“Is everything okay in there?” my wife asked.

“Yes,” I lied.

I scooped up the nut with the twin maggots and I quickly threw it outside, where I’m pretty sure the one dog ate it, so that’s cool.

My son said, “What were those?”

“Maggots,” I said, neglecting to mention their names.

“Oh, cool,” he said, and it was kinda cool, in a gross way.

“I think I’m done with these nuts,” I said to my wife.

“That’s probably for the best,” she answered.

I looked down at the nutmeats of my labor:

That was about… ohh, 15% of the total nuts I collected, if I’m being generous.

I thought, fuck it, let’s just roast them and be done.

Weary and hallucinating, I put them in the oven with some salt.

They were fine.

I ate them and had mild diarrhea.

Hickory nuts are bullshit, I’m going to go buy pecans instead.

But I have heard that if you peel the bark, and you smoke it, and then boil it with some water and sugar, you can make shagbark hickory syrup and —

My wife, from the other room: “No.”

Good point, lady, good point.

(Don’t tell her, but I already collected the bark.)

* * *

Having been desperate to rid herself of her psychic powers, Miriam now finds herself armed with the solution — a seemingly impossible one. But Miriam’s past is catching up to her, just as she’s trying to leave it behind. A copy-cat killer has caught the public’s attention. An old nemesis is back from the dead. And Louis, the ex she still loves, will commit an unforgivable  act if she doesn’t change the future. 

Miriam knows that only a great sacrifice is enough to counter fate. Can she save Louis, stop the killer, and survive? 

Hunted and haunted, Miriam is coming to a crossroads, and nothing is going to stand in her way, not even the Trespasser.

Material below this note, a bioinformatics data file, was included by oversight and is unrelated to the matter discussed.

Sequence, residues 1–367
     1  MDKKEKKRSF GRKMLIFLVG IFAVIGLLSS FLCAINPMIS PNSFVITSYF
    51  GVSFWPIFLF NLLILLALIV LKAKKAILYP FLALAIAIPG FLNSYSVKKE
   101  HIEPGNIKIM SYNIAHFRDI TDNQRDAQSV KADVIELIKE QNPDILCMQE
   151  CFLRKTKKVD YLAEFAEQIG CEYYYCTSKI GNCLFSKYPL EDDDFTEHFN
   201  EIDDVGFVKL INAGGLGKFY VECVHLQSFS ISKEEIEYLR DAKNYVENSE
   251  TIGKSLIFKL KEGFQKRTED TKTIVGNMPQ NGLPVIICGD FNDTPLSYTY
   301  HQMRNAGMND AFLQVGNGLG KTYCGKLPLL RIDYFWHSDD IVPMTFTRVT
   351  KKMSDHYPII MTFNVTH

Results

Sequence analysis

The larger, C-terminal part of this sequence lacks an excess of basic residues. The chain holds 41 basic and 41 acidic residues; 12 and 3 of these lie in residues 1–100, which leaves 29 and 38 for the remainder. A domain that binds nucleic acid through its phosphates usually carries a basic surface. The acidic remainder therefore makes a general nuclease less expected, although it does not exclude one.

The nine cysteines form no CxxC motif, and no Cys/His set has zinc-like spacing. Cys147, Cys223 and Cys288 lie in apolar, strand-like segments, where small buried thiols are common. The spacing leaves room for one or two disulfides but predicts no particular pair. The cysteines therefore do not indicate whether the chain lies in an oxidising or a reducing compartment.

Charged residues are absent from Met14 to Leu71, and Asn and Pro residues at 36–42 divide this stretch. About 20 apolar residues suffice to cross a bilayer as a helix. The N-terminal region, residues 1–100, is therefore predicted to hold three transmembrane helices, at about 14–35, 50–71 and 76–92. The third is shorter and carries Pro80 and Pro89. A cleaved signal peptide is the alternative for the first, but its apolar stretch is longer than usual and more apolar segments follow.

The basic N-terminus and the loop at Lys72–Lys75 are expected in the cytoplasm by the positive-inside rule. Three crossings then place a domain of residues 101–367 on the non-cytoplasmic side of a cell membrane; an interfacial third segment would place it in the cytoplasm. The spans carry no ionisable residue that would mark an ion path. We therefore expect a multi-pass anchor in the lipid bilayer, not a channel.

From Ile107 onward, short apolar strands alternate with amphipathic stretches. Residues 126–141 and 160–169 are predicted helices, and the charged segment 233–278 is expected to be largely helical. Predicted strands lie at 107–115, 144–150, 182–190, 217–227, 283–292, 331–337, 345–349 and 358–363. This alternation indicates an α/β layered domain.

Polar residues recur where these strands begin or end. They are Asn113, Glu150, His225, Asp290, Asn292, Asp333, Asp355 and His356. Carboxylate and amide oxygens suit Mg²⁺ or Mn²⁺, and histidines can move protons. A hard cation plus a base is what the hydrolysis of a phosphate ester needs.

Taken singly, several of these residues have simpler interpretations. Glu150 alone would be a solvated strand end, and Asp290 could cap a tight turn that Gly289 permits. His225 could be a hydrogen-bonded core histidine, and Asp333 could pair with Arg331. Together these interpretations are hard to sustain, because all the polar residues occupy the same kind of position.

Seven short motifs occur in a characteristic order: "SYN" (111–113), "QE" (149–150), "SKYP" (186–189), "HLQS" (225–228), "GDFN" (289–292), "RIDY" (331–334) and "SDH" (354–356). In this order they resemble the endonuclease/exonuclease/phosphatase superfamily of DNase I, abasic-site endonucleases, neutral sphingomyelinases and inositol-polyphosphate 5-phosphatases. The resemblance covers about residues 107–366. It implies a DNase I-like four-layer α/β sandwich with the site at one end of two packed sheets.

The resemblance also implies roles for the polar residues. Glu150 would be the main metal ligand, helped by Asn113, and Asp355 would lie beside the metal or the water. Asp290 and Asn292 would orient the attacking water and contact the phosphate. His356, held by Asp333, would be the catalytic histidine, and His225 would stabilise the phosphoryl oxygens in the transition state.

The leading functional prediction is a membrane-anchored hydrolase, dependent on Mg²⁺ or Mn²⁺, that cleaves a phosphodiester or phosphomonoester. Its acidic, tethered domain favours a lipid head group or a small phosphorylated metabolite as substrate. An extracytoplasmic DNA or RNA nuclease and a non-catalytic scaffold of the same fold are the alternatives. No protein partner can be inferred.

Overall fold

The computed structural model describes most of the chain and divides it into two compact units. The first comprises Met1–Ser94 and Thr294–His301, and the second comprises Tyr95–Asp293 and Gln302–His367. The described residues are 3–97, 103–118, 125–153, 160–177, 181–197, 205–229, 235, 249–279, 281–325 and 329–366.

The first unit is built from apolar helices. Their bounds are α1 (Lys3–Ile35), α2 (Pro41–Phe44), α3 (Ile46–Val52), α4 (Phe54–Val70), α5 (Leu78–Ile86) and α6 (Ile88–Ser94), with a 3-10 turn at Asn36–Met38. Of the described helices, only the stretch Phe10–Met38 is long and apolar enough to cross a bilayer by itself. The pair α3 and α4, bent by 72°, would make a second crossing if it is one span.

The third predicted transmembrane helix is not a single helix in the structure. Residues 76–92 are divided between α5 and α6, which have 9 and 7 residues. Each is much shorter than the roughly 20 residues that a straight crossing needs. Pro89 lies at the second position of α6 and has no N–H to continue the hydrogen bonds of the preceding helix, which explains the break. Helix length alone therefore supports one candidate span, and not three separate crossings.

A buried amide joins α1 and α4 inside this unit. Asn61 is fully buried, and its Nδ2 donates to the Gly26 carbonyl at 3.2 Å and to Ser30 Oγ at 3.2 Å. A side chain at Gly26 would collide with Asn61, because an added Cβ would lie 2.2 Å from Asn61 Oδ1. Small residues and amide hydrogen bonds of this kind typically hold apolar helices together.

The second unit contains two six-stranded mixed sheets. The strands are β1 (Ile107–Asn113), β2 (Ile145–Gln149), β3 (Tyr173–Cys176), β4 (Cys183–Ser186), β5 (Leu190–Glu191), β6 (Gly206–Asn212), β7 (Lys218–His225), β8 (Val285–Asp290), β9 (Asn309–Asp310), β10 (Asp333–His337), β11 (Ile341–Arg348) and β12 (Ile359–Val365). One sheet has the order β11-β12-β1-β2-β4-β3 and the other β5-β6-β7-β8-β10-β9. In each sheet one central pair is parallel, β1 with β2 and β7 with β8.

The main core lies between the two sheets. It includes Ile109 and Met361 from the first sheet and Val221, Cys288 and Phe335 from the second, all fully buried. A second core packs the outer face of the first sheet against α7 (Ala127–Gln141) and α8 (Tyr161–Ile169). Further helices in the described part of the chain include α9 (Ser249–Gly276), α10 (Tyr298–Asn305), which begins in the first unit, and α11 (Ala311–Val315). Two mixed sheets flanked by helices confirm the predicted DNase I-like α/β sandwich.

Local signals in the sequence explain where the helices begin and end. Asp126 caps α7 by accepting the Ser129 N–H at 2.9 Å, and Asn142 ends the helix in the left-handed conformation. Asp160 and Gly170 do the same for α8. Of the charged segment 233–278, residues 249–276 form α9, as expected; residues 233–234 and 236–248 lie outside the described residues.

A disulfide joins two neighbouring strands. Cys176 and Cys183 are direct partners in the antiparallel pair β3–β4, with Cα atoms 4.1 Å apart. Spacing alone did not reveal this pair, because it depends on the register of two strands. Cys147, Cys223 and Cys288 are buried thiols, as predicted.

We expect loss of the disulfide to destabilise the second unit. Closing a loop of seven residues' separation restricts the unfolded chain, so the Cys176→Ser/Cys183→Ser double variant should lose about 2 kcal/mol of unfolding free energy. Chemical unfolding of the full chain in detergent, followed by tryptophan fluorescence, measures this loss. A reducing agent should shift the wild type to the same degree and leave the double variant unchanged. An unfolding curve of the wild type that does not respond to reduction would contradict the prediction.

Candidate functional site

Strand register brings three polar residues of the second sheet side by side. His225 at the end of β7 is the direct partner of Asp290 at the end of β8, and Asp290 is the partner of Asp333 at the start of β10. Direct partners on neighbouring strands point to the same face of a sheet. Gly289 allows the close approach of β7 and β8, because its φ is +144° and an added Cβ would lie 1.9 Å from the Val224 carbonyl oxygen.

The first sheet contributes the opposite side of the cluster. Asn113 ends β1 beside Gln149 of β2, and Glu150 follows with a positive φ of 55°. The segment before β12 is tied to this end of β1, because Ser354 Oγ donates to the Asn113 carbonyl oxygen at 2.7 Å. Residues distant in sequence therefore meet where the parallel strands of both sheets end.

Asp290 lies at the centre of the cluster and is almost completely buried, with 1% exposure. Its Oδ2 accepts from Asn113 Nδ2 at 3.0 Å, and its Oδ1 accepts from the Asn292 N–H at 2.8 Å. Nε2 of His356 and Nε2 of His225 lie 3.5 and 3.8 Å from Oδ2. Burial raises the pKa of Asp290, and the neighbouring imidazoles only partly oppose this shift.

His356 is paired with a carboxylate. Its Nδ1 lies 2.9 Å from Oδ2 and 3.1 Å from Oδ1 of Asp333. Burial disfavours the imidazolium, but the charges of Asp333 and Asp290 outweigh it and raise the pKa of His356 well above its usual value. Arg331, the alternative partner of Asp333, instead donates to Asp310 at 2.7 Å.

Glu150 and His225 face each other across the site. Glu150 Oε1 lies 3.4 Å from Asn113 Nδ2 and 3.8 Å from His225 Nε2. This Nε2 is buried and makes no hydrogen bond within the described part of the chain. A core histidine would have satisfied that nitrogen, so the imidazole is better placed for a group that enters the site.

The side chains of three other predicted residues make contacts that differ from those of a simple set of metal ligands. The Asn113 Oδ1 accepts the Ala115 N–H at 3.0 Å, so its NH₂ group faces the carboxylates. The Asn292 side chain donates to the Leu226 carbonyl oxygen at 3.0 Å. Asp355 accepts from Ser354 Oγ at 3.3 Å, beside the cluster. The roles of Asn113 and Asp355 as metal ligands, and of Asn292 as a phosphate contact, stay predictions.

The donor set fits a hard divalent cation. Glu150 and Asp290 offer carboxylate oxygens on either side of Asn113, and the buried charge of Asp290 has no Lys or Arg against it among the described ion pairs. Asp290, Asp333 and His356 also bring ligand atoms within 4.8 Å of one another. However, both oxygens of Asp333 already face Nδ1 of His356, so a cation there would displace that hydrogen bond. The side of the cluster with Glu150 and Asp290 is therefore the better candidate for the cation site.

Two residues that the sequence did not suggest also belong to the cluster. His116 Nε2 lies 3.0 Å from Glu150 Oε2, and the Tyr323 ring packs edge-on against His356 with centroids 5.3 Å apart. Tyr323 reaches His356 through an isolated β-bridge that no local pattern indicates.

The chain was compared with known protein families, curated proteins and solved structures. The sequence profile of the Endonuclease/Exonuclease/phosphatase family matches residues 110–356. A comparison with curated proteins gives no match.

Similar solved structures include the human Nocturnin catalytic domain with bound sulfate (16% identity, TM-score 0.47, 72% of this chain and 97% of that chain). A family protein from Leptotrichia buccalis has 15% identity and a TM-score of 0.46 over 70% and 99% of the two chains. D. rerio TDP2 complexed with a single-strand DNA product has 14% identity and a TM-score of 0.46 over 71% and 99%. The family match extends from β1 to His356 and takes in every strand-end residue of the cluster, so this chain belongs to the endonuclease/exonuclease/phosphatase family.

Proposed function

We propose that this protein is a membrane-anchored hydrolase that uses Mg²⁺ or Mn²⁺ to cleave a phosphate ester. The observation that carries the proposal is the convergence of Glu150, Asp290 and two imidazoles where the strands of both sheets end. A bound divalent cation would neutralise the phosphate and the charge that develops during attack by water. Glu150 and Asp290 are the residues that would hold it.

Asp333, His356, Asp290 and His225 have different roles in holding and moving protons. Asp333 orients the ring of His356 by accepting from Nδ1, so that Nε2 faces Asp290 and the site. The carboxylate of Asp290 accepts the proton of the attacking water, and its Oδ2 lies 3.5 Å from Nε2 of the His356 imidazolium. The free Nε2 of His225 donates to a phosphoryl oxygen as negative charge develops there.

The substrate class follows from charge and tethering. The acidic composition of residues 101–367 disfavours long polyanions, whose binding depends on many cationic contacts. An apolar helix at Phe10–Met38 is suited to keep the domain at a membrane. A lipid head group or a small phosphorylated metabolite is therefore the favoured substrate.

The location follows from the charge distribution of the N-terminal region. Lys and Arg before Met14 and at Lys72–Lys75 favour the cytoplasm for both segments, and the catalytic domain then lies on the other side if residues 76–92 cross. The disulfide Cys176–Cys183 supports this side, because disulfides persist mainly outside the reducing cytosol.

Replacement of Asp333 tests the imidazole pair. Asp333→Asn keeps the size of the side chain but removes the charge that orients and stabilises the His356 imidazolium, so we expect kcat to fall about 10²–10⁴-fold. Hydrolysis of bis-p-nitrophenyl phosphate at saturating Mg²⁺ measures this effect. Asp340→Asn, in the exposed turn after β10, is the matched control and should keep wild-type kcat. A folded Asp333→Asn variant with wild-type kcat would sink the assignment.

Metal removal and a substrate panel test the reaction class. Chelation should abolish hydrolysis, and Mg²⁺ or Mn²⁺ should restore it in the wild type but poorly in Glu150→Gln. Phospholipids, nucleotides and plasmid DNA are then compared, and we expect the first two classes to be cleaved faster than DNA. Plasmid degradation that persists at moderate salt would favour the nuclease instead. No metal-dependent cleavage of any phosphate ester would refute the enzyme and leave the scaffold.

The 5th Miriam Black book — out January 23rd, 2018

Preorder Raptor & Wren: Indiebound | Amazon | B&N


  • I am laughing and crying. This was the best of the best. I learned this same lesson, almost thought for thought, last year with chestnuts. I should say ‘re-learned’ because there was the year of the walnut shell candles. Oh, and the burdock flour. And, hey, pine nuts are expensive, but we live in a pine forest in Montana. How hard can it be…

    • Haha, I grew up having to collect and hull chestnuts because my father liked to eat them. What a monstrous pain. I do love chestnuts, honestly, but hand collecting them is a prickly painful terror. And a lot of them end up, well, maggot-eaten…

  • You made me literally laugh out loud. Again. Thanks for making my day better!

    My grandmother used to pick up pecans, with a little basket thing made out of a sort of spring. It had a long handle and if you pushed it against the ground the coils of the spring would separate just enough for the nut to pop inside. Then she would spend hours cracking them and separating out the meat, often in whole pieces. Everyone in the family had quart bags in the freezer of pecans she had shelled, along with bags of crab cakes made with crabmeat she picked herself. She made pickles and jelly and canned all sorts of vegetables. When fresh food wasn’t available to preserve she had her hand crafts, crocheting afghans, making beaded Christmas ornaments, braiding rugs, etc. I know how to do most of those things, but can only spend about 15 minutes on a project before getting bored. Have we as a society lost something precious?

    • We’ve either lost something precious, or we’ve thankfully moved away from acting out of desperation — a lot of what my Depression-era grandmothers did was because they were trained to do those things by the Depression.